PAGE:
Sunday October 01, 2023

Kanupp-2 to come online in Dec 2020

The share of nuclear energy in Pakistan’s generation mix stands at 6.0 percent producing power at an average cost of Rs9.13/kWh.

December 04, 2018

KARACHI: The 1,100MW Karachi Nuclear Power Complex-II (KANUPP-2) will come online in December 2020 followed by 1,100MW KANUPP-3 in October 2021, Pakistan Atomic Energy Commission Chairman Muhammad Naeem said.

“Soon after that the 100MW Chasma-5 will be completed, as the country plans to generate 8,800MW nuclear energy by 2030,” he said, speaking at a seminar titled “Energy Security Policy: Thinking Beyond the Norm” organised by the Centre for Peace, Security and Developmental Studies (CPSD) on Monday.

Naeem informed that both the plants had a workable life of 60 years, which could be extended to 80 years. “Nuclear power plants are reliable having high availability and capacity factor, relatively environment friendly, and provide sustainability of electricity price having low share of fuel cost,” he added. The share of nuclear energy in Pakistan’s generation mix stands at 6.0 percent producing power at an average cost of Rs9.13/kWh.

At the moment around 454 nuclear power plants are operating in 30 countries across the world constituting 11 percent of the world’s electricity generation, while 54 plants in 17 countries are under construction.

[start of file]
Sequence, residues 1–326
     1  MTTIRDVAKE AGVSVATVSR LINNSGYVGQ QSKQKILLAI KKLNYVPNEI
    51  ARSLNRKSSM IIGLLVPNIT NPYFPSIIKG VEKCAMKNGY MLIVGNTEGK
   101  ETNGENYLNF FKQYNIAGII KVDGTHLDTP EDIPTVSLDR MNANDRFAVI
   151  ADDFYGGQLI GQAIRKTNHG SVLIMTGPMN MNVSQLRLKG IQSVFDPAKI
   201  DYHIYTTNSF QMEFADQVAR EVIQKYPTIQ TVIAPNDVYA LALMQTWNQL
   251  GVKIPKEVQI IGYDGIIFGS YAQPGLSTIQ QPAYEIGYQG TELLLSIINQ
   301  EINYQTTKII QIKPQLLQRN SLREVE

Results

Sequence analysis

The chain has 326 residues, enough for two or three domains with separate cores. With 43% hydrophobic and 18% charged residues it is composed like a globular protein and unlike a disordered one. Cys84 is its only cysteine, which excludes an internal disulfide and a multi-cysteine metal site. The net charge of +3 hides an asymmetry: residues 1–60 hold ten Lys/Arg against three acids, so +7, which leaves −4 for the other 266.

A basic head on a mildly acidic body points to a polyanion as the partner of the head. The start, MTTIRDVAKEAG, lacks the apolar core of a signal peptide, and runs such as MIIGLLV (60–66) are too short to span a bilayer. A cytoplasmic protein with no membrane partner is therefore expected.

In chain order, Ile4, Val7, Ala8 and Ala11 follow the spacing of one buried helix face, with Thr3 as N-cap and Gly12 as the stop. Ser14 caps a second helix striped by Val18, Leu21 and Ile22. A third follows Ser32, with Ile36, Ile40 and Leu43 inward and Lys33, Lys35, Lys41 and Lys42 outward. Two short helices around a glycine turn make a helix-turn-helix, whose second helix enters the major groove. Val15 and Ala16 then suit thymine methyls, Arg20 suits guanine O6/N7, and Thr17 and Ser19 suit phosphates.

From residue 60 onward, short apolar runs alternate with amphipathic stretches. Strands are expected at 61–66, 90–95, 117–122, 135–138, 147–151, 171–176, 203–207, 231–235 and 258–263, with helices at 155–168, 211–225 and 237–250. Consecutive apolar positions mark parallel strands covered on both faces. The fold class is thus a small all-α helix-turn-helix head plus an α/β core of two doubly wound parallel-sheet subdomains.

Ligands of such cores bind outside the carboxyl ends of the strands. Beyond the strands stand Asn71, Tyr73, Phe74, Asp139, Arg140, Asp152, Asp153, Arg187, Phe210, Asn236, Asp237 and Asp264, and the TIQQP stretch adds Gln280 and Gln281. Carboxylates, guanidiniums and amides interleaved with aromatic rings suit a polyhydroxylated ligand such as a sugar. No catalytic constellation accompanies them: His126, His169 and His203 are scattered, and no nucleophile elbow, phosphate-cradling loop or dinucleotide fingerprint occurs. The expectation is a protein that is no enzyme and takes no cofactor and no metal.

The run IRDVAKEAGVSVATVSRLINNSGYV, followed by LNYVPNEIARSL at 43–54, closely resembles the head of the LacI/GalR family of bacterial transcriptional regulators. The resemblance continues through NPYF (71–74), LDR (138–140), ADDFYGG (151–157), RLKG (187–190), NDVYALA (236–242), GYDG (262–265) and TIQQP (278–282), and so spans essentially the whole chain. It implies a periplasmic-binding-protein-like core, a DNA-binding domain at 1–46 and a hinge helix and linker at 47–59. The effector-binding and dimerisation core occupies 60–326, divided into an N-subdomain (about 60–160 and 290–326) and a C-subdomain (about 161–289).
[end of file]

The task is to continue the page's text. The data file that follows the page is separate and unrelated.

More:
Alternate Energy Development Board (AEDB) Chairman Amjad Ali Awan said Pakistan still did not have any energy security policy while the economy was hostage to shortages. “Around 24 percent of Pakistan’s total imports are energy related. It is the need of the hour to phase out the imports in favour of indigenous resources.”

He said the country was blessed with renewable energy resources, including wind and solar, which should be harnessed. “Wind and solar energy have the cheapest tariff in the country, and renewables should be integrated with conventional resources to design a sustainable mix.”

Former energy minister Sohail Wajahat said for the last 70 years policies were made on ad hoc basis, which had landed the nation in such a mess. “An integrated energy policy is desperately needed for at least five years without any reversal.”

Experts from the energy sector and governmental officials deliberated on the different dimensions of the subject and they agreed unanimously that the country needed a concrete and sustainable integrated energy policy.

CPSD President Agha M Umer Farooq emphasised that commitments of the energy producer and habits of consumers needed to be changed to encourage conservation, efficiency, and a fuel mix comprising indigenous resources.

Chief Guest, CJCSC General Zubair Mahmood Hayat NI (M) appreciated efforts of CPSD for organising the seminar which provided a platform to probe core issues of the energy sector in Pakistan.